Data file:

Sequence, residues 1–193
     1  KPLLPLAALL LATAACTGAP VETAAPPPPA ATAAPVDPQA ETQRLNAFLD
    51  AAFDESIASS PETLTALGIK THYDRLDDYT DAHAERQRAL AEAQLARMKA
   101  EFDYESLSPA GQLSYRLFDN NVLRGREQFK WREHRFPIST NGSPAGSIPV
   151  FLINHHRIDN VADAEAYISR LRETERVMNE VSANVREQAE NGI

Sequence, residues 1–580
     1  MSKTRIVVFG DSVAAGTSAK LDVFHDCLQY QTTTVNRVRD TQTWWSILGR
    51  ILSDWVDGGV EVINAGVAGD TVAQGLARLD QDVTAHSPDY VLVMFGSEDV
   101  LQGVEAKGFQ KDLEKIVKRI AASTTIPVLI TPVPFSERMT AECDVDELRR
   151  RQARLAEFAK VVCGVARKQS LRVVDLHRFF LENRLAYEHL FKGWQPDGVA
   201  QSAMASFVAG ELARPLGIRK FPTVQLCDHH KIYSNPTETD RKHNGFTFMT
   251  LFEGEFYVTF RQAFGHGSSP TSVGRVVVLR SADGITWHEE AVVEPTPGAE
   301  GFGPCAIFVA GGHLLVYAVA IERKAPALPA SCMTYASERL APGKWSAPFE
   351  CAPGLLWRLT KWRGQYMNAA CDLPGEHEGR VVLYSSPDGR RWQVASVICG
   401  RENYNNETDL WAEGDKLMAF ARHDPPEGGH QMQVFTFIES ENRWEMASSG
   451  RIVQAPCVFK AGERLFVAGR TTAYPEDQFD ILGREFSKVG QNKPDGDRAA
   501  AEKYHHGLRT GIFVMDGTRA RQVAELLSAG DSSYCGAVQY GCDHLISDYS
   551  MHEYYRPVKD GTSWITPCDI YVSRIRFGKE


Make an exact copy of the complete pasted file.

Sequence, residues 1–193
     1  KPLLPLAALL LATAACTGAP VETAAPPPPA ATAAPVDPQA ETQRLNAFLD
    51  AAFDESIASS PETLTALGIK THYDRLDDYT DAHAERQRAL AEAQLARMKA
   101  EFDYESLSPA GQLSYRLFDN NVLRGREQFK WREHRFPIST NGSPAGSIPV
   151  FLINHHRIDN VADAEAYISR LRETERVMNE VSANVREQAE NGI

Sequence, residues 1–580
     1  MSKTRIVVFG DSVAAGTSAK LDVFHDCLQY QTTTVNRVRD TQTWWSILGR
    51  ILSDWVDGGV EVINAGVAGD TVAQGLARLD QDVTAHSPDY VLVMFGSEDV
   101  LQGVEAKGFQ KDLEKIVKRI AASTTIPVLI TPVPFSERMT AECDVDELRR
   151  RQARLAEFAK VVCGVARKQS LRVVDLHRFF LENRLAYEHL FKGWQPDGVA
   201  QSAMASFVAG ELARPLGIRK FPTVQLCDHH KIYSNPTETD RKHNGFTFMT
   251  LFEGEFYVTF RQAFGHGSSP TSVGRVVVLR SADGITWHEE AVVEPTPGAE
   301  GFGPCAIFVA GGHLLVYAVA IERKAPALPA SCMTYASERL APGKWSAPFE
   351  CAPGLLWRLT KWRGQYMNAA CDLPGEHEGR VVLYSSPDGR RWQVASVICG
   401  RENYNNETDL WAEGDKLMAF ARHDPPEGGH QMQVFTFIES ENRWEMASSG
   451  RIVQAPCVFK AGERLFVAGR TTAYPEDQFD ILGREFSKVG QNKPDGDRAA
   501  AEKYHHGLRT GIFVMDGTRA RQVAELLSAG DSSYCGAVQY GCDHLISDYS
   551  MHEYYRPVKD GTSWITPCDI YVSRIRFGKE